The Perils of Reinventing the Browser’s Back Button

The Perils of Reinventing the Browser’s Back Button

There was a recent discussion in one of our projects about implementing a custom back button for our web application. The usage of a back button was inspired by mobile apps, where having an in-app back button is a standard.

Back buttons serve two purposes:

  1. Allowing the users to quickly pick up where they left off
  2. giving the user the feel of perceived navigation — even though no navigation might be happening at all (i.e. single-page applications).

Being able to navigate back is crucial for e-commerce or content scenarios where you want minimum browsing friction.

However, in the case of web apps, there’s already a button whose job is to go back, the browser’s back button, and reinventing it might not be the best idea; here’s why:

There’s already a back button

If your client-side app implements navigation correctly, meaning every navigation pushes a new entry to the browser’s history, then there’s nothing to worry about.

This article has great tips for taking advantage of the page’s URL to code more UX friendly features that augment the native back button’s capabilities. Particularly helpful in bridging the gap in back button behaviour between mobile and web.

And even though it’s a few years old, research tells us that users are used to the browser’s back button.

Implement additional logic to mimic the browser’s history

Many Javascript routers such as ReactRouter and NgRouter keep a history of navigations built-in, but other frameworks such as Next.js do not, thus making the feature costlier to develop.

Browser history

The final argument is that, unlike a mobile app, the browser has the history of every site/web app you visit, so what happens when the user first arrives at the site? Does that button work like the browser’s back button and executes a history.back(), or do we want it to behave like a mobile app and not let the user leave the site? Most of the time, we want the latter; therefore, it becomes a button that behaves like the browser’s back button but with exceptions, so it is not entirely intuitive.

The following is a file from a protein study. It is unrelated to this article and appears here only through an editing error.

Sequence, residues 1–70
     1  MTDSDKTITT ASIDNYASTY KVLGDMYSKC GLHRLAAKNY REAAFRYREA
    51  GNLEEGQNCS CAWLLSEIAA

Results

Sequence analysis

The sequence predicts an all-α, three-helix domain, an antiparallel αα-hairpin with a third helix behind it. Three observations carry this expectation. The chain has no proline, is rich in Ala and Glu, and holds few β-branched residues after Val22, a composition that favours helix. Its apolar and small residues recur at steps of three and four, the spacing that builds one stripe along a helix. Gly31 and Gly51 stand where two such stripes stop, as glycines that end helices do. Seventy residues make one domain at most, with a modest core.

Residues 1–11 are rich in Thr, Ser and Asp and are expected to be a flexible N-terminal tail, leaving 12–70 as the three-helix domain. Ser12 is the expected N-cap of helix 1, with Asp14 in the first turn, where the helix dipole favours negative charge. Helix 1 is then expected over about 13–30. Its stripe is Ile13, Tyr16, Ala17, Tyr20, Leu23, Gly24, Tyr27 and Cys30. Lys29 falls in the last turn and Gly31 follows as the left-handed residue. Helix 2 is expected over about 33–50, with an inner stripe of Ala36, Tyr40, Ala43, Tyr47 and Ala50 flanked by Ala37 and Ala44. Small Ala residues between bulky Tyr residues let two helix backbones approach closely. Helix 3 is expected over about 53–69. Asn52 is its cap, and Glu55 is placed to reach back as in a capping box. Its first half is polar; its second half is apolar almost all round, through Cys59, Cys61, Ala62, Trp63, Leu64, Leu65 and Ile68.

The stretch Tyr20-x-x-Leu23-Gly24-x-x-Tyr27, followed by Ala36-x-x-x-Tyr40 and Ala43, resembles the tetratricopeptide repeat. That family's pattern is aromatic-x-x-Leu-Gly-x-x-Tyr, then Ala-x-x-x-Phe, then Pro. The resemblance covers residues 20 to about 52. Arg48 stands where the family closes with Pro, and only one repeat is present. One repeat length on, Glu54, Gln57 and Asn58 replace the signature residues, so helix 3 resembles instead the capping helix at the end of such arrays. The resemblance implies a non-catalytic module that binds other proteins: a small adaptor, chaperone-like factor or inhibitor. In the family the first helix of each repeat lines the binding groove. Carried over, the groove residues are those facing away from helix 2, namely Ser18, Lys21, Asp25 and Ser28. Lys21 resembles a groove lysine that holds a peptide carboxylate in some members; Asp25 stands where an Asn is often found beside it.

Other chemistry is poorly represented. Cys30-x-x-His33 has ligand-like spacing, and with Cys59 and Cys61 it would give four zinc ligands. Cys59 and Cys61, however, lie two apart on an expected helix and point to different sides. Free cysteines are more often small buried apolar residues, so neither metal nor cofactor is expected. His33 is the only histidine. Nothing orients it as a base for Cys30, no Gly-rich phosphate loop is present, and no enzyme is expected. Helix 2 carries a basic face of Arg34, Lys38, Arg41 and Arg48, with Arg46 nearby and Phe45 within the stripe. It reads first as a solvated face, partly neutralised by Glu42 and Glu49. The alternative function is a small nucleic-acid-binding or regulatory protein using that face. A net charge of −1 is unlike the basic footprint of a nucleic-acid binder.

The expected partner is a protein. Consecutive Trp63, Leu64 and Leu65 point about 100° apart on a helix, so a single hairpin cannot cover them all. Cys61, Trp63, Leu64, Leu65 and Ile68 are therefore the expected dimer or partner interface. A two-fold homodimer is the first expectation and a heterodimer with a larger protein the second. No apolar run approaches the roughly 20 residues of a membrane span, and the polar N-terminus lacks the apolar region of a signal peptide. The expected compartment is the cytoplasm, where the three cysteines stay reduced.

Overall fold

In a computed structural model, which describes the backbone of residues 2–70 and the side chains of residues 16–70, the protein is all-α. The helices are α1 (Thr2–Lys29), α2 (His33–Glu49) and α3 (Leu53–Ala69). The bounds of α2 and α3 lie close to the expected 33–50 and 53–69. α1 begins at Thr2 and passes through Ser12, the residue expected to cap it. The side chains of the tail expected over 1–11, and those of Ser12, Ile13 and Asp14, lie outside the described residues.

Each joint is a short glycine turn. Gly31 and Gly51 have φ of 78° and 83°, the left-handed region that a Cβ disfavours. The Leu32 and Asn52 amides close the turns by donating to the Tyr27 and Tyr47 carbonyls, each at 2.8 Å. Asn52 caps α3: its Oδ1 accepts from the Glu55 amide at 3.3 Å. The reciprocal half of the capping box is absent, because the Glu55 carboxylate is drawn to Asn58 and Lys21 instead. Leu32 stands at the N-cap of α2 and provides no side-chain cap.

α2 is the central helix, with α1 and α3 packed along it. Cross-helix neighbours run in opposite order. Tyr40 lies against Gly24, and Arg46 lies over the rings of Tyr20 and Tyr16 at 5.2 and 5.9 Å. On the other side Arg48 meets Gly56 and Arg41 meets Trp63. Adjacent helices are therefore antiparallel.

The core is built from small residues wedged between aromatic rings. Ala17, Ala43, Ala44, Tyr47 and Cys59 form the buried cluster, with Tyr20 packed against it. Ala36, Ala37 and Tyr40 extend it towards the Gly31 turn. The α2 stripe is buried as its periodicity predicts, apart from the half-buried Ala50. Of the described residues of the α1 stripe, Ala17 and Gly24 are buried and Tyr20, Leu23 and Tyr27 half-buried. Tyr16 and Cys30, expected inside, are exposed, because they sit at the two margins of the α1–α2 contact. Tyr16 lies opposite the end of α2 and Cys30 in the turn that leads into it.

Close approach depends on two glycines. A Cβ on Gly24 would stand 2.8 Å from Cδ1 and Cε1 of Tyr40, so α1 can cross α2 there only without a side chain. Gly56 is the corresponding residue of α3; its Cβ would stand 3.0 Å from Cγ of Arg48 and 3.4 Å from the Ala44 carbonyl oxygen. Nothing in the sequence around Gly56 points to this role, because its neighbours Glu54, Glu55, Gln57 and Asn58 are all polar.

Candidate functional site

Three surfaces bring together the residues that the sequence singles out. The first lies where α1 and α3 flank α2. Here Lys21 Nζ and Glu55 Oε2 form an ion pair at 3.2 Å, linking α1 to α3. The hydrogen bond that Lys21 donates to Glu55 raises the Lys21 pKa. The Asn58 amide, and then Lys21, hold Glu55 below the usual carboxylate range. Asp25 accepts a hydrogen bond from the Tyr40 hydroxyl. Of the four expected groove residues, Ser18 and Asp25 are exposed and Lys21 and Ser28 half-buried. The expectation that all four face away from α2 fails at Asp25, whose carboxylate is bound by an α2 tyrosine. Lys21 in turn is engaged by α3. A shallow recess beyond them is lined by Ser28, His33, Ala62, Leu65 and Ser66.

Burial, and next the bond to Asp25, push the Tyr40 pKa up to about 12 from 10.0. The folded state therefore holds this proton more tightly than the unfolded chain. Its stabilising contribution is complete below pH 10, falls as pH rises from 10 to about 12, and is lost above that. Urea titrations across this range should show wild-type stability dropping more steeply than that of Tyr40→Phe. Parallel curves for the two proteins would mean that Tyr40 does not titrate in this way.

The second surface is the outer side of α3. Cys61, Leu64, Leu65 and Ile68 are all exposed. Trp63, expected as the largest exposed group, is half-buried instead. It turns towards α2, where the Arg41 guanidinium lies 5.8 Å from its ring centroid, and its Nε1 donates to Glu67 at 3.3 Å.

For instance, when the user first arrives at the site, do you decide to hide the button (and let the user figure out where the back button is), or do you show it anyway and redirect the user back to a landing page even if he has no in-app history?

A description text can enhance these buttons. This text can be a call to action different from “go back”; it can be something like “continue browsing” or “go back to <place>”. Still, that poses the question, what if you just landed on a page and weren’t browsing in the first place? Should the text vary depending on the scenario? Would users like that? Many UX considerations arise when we want a custom back button.

At this point, we’ve mostly talked against implementing a custom back button, but there are times where it may be useful. One scenario is displaying it alongside breadcrumbs.

When seeing the details of a product or a blog post, you want the users to view the full content and allow them to quickly go back to their previous listing so that they can continue where they left. In these cases, it is best to make the action the most expectable possible. Not all pages require a back button, so use these in pages where it’s obvious where the user will go back to. Custom behaviour such as redirecting the user to a base page or hiding the button in specific scenarios may lead to confusion which drives users away from the feature.

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